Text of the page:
Authenticity is finding the balance between the joy we have in believing that there is a glorious destination for our faith, on the one hand. And on the other hand, engaging the reality of the cross in our lives.

There is no spiritual bypass to get to that joy, that hope, that destination we seek. There is only the way through the wilderness, as Jesus led the way for us. Staying true to the path in the wilderness requires from us an active engagement with the world as it is, not as we want it to be. As is.

Lent invites us to engage the truth of our humanity. And this difficult journey—within ourselves and with others—calls us to be intentional, proactive and disciplined on this journey. No bypass. As Jesus went, so we must follow.

If you object, saying you don’t venture onto social media nor use it at all, I have observed a similar dynamic in the tradition of wearing your “Sunday best” to weekly worship. While there may be some benefit, spiritually, to ‘cleaning up’ once a week, this strategy fails as soon as we lay judgement on others who don’t dress up for church. Thankfully we’re past that time when it was a big deal.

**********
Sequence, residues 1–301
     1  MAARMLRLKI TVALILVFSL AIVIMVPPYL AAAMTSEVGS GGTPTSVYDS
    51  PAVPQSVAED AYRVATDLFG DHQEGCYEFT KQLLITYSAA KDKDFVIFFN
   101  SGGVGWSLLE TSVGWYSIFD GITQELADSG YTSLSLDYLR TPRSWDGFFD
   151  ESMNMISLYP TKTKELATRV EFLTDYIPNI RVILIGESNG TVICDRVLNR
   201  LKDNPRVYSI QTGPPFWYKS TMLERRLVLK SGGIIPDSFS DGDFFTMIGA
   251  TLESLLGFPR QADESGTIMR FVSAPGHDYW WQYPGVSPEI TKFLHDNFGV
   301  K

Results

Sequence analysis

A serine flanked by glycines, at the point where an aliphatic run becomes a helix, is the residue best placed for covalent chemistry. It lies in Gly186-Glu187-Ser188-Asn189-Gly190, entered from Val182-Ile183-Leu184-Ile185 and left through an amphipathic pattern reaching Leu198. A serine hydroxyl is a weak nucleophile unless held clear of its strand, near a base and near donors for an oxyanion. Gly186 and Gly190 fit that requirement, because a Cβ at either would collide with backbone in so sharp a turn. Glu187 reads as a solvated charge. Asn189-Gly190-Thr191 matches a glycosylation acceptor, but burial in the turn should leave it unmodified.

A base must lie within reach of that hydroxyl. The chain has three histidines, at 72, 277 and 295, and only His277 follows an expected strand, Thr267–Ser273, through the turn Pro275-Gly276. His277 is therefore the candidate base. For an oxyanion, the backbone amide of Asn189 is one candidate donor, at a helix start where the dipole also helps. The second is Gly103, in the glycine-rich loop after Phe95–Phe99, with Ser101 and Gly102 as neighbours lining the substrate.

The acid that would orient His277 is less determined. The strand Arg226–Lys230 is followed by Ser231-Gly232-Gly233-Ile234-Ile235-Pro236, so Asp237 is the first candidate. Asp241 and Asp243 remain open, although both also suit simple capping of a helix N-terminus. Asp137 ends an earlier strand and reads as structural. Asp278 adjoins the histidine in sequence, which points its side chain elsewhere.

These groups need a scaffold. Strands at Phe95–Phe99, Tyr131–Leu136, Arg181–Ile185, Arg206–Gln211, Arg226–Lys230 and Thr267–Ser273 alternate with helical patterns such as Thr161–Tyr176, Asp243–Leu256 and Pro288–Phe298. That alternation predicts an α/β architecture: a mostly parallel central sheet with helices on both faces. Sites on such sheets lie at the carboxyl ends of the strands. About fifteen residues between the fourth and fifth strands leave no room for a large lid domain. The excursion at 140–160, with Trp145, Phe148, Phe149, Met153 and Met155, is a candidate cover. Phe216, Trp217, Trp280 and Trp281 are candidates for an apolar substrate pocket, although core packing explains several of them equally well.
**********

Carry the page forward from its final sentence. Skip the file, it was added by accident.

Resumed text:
Perhaps at the start of this journey, each of us can take stock in areas of our own lives where we tend to present only the best version of ourselves. And it’s hard, especially in the church, to show our real selves—to be real—which includes being open about our own vulnerabilities. But when we are, we receive a great gift from others – the grace, acceptance, and love of Christ. And it may even come as a surprise! And when we least expect it!

Lent invites us to spend the next forty days to explore this tension between the hope we have, and the real journey through the cross of Christ.

[1] @SashaKaletsky (twitter), February 8, 2023.

Devotion for Ash Wednesday and Lent

Read Psalm 51

Why do we wear ashes on Ash Wednesday?

We wear ashes to affirm the faith that God’s love and grace go with us despite, and especially because of, our broken humanity. God does not love you because you are without sin; God does not love you because you are without blemish or because you can somehow prove your righteousness by your efforts alone. God doesn’t love you because you are good. God loves you because God is good.[1] The ashes in the sign of the cross symbolize that in spite of our mortality God still loves us and gives us new life in Christ Jesus. God still gives us new beginnings, new opportunities to start over, in the grace and strength of God in and with us.

What do the words spoken on Ash Wednesday mean?

They focus our attention to life on earth. “Remember that you are dust, and to dust you shall return.” We commend this body to its place, “earth to earth, ashes to ashes, dust to dust”. On this day more than on any other, we acknowledge that we are earth creatures, coming from earth and returning to its soil. We mark that earthiness on ourselves with a cross, the sign of the earthiness also of our God in Jesus.